“One of the hardest working communities I know spend their days attempting to earn a livable wage by wandering the streets of Los Angeles in order to sell delicious food like homemade tamales and tacos,” Daniel Corral says in his statement for Los Vendedores. A series that “showcases the spirit of this determined workforce,” Los Vendedores depicts street vendors in LA, one of the only major cities in the US that still has laws against street vending that make the practice illegal.
Corral writes that in today’s political climate, rhetoric and policies against immigrant communities have caused many to stand in opposition to bills and executive orders that directly impact their lives. As a son to immigrant parents himself, Corral seeks to capture portraits of immigrant street vendors, a culture and community who risk their lives to provide an invaluable service to suburban neighborhoods and families. Knowing that the services they provide assure their financial stability, Corral illuminates how street vending preserves cultural representation, which often occurs through food. Even more, these vendors risk imprisonment and some face deportation for preparing and selling food in the streets in order to provide for their families. “These vendors leave me with the impression of entrepreneurship,” Corral said. “I admire those individuals who have wandered tirelessly for hours just to serve the best tasting tacos this side of the border. They are reaching for the American Dream.”
Daniel Corral is a first-generation American, born from Mexican immigrant parents, in Los Angeles, California. Corral has been studying photography since 2011 when he enrolled into his first Black and White Photography course at College Of The Canyons. Corral is the first member of my family to attend college with plans to achieve my Masters of Fine Arts in Photography. He moved to Boston in 2015 to attend the School of the Museum of Fine Arts at Tufts, working towards completing his BFA in Spring 2018. Currently, Corral is enrolled in the Senior Thesis Program at SMFA. He travels back and forth from LA and Boston between semesters.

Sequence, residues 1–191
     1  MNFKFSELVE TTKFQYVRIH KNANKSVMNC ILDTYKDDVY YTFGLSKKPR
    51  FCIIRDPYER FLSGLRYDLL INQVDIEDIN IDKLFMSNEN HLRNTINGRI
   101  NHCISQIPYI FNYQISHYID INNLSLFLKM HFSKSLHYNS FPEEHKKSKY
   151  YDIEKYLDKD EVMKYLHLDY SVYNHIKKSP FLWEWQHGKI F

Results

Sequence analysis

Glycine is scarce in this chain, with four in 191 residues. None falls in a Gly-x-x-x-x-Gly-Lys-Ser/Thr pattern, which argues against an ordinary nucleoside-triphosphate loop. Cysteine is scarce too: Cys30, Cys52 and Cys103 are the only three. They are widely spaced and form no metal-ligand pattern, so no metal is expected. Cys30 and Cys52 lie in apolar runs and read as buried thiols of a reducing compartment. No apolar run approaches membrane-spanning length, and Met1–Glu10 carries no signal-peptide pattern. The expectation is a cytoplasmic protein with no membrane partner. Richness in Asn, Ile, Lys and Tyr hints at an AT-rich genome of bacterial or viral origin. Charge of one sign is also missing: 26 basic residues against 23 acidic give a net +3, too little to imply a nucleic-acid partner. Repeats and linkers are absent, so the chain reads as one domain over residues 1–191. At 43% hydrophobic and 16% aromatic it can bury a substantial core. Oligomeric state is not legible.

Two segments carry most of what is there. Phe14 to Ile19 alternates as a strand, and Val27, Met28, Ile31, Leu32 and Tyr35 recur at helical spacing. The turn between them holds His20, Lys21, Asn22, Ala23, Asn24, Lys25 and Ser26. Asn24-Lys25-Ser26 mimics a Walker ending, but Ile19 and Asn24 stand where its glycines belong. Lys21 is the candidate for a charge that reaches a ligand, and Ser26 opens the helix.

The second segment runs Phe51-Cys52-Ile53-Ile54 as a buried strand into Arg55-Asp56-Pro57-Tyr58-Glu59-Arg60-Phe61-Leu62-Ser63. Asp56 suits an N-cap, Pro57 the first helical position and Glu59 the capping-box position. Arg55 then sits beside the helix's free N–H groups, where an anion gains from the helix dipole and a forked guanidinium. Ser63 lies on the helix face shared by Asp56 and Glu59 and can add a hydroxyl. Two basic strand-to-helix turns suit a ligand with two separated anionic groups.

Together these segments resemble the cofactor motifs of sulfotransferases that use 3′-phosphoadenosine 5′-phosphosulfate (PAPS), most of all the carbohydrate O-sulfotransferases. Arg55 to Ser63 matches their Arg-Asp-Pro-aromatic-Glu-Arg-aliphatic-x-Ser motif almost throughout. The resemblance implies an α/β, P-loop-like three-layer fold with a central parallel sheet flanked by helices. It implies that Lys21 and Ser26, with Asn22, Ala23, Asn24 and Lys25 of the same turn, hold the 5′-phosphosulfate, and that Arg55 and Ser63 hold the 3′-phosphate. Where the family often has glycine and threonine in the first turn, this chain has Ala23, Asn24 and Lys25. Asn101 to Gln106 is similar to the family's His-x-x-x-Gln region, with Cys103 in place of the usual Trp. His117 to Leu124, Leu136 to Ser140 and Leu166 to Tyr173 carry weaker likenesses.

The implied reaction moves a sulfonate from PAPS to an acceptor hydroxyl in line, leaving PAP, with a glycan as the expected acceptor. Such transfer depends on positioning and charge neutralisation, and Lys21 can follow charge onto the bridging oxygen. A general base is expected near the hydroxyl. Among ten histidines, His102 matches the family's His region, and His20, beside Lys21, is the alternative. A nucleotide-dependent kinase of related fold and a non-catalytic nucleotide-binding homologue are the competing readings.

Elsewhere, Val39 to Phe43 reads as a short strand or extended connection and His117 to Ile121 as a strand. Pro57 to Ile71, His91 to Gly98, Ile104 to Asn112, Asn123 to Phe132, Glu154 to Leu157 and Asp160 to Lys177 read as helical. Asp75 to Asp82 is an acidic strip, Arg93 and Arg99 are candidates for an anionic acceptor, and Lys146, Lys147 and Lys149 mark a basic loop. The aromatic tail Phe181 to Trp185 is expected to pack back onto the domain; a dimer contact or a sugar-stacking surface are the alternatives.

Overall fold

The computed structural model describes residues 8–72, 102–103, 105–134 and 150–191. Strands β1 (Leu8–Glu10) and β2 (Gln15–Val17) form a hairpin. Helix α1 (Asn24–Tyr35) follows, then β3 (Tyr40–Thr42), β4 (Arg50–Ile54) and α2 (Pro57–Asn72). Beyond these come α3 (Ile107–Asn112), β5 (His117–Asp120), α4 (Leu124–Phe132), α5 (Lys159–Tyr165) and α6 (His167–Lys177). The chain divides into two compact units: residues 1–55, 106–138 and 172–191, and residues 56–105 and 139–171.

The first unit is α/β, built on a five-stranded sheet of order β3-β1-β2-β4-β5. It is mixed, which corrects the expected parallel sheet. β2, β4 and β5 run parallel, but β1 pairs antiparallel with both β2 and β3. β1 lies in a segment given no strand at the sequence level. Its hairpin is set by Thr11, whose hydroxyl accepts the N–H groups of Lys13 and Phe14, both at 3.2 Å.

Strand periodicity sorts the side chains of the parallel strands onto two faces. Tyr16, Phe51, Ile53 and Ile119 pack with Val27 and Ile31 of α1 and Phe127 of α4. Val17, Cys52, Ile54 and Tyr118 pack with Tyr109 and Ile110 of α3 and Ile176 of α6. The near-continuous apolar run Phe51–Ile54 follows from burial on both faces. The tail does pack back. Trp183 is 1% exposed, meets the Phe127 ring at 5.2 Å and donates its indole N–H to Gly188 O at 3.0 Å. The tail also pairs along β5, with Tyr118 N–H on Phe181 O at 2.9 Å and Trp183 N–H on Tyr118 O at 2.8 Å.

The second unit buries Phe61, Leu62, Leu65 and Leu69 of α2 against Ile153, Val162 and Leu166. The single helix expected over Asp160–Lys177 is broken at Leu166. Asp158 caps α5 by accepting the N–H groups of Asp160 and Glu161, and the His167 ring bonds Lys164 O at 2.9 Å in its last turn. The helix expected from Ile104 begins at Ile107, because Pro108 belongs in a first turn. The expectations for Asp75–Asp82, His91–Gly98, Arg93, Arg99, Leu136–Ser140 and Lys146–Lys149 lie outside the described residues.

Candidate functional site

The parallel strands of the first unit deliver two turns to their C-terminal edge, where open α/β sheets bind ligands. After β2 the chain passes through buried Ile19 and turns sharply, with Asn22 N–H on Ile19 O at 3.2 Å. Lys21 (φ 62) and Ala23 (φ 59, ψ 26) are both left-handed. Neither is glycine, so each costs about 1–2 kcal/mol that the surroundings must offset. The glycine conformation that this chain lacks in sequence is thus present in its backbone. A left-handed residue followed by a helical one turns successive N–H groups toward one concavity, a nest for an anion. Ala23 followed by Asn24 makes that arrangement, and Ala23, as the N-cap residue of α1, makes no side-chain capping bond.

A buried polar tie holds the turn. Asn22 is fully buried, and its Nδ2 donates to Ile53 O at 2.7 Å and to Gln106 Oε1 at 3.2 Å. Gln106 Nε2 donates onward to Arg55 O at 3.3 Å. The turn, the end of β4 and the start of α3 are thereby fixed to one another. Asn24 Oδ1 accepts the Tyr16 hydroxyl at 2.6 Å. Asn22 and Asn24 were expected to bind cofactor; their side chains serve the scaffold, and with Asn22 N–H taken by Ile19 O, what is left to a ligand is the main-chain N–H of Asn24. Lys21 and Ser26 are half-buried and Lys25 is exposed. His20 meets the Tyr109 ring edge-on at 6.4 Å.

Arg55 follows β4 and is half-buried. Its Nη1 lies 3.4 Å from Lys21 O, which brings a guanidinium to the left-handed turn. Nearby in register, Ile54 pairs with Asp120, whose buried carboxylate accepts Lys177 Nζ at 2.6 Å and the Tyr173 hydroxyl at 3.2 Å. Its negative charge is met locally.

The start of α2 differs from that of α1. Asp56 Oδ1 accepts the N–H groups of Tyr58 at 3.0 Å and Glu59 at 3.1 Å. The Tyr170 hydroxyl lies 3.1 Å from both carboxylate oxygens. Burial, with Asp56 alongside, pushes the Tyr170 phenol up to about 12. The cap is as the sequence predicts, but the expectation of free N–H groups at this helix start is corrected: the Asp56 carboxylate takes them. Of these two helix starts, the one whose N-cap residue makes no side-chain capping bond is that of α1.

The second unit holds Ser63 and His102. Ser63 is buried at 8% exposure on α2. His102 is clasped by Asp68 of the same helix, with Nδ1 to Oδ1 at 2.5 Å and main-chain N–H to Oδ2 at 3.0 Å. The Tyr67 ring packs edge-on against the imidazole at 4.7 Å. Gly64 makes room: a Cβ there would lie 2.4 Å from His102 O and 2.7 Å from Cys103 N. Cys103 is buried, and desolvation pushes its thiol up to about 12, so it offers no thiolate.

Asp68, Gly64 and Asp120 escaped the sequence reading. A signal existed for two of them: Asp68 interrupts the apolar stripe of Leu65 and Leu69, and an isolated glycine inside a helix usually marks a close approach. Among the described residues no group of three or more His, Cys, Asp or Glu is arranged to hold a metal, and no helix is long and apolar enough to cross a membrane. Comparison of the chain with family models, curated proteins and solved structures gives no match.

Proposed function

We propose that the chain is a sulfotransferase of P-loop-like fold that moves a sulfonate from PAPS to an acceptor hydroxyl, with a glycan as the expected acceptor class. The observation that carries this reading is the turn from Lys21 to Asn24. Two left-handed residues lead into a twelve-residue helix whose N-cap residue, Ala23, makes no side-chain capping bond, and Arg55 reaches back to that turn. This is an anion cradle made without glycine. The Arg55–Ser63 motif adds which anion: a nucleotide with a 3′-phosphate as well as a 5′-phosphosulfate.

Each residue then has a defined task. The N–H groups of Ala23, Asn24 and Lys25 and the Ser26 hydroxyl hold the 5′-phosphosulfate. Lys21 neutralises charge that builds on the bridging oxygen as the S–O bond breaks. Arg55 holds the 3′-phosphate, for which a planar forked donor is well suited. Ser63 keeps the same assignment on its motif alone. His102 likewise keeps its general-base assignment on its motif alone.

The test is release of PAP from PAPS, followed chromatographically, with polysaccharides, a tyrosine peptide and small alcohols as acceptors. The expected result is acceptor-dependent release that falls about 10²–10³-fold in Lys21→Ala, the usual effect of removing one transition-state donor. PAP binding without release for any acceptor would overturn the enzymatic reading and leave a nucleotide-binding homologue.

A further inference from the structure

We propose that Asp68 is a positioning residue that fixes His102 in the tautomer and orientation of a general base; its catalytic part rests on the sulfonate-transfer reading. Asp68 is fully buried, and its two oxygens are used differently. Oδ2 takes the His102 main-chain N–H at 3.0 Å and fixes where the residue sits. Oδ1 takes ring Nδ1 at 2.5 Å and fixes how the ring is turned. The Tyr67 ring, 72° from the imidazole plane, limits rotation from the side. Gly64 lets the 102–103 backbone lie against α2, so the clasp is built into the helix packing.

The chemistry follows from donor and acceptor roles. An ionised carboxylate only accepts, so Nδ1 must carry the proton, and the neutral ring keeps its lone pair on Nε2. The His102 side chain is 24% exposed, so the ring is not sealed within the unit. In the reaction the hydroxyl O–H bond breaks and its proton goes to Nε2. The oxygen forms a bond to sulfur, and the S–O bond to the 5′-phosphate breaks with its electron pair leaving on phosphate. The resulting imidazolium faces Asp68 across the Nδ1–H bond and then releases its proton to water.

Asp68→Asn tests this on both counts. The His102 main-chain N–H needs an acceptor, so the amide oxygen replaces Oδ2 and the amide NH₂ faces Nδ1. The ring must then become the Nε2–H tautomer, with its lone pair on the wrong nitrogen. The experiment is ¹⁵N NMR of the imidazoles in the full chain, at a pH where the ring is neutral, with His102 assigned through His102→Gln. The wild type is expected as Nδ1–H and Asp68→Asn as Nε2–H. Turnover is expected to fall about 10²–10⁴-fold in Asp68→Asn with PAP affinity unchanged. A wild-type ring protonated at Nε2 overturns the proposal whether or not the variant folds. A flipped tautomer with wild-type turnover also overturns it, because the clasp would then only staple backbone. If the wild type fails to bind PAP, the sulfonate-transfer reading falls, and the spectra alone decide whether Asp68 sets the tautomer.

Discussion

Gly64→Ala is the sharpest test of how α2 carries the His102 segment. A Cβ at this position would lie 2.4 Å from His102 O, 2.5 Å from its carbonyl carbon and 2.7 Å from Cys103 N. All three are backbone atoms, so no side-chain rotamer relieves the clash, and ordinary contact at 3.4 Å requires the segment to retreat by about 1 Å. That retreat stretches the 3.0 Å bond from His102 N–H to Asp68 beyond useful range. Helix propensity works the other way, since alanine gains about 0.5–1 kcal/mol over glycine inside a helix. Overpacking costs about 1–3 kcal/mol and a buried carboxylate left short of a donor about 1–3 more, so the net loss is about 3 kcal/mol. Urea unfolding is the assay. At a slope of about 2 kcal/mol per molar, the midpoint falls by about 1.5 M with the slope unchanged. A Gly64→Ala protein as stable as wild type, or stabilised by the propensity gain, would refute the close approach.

Eva Vidan’s photographs from Boston protests on November 11, 2016 and January 21, 2017 illustrate love and power in acts of resistance. Between the #BlackLivesMatter movement and the Women’s March, Vidan writes that her images focus on the “nuanced moments of intimacy,” a moment of observation Vidan hopes gives voice to people confronting systemic issues.
“When you walk into a protest, everything is amplified,” Vidan begins in her poetic statement. “The pulsing of a drumbeat, the clapping of raw hands, the deliberation in each step—and then there is the voice. The assertive tone of one unified chant overpowers every vibration of the city until the only truly audible sound is drawing people in, an instantaneous magnet for any bystander who believes in human rights. But this declaration of justice isn’t just a series of chants; it’s also a conversation. And it’s clear who is there to listen, and who is not.”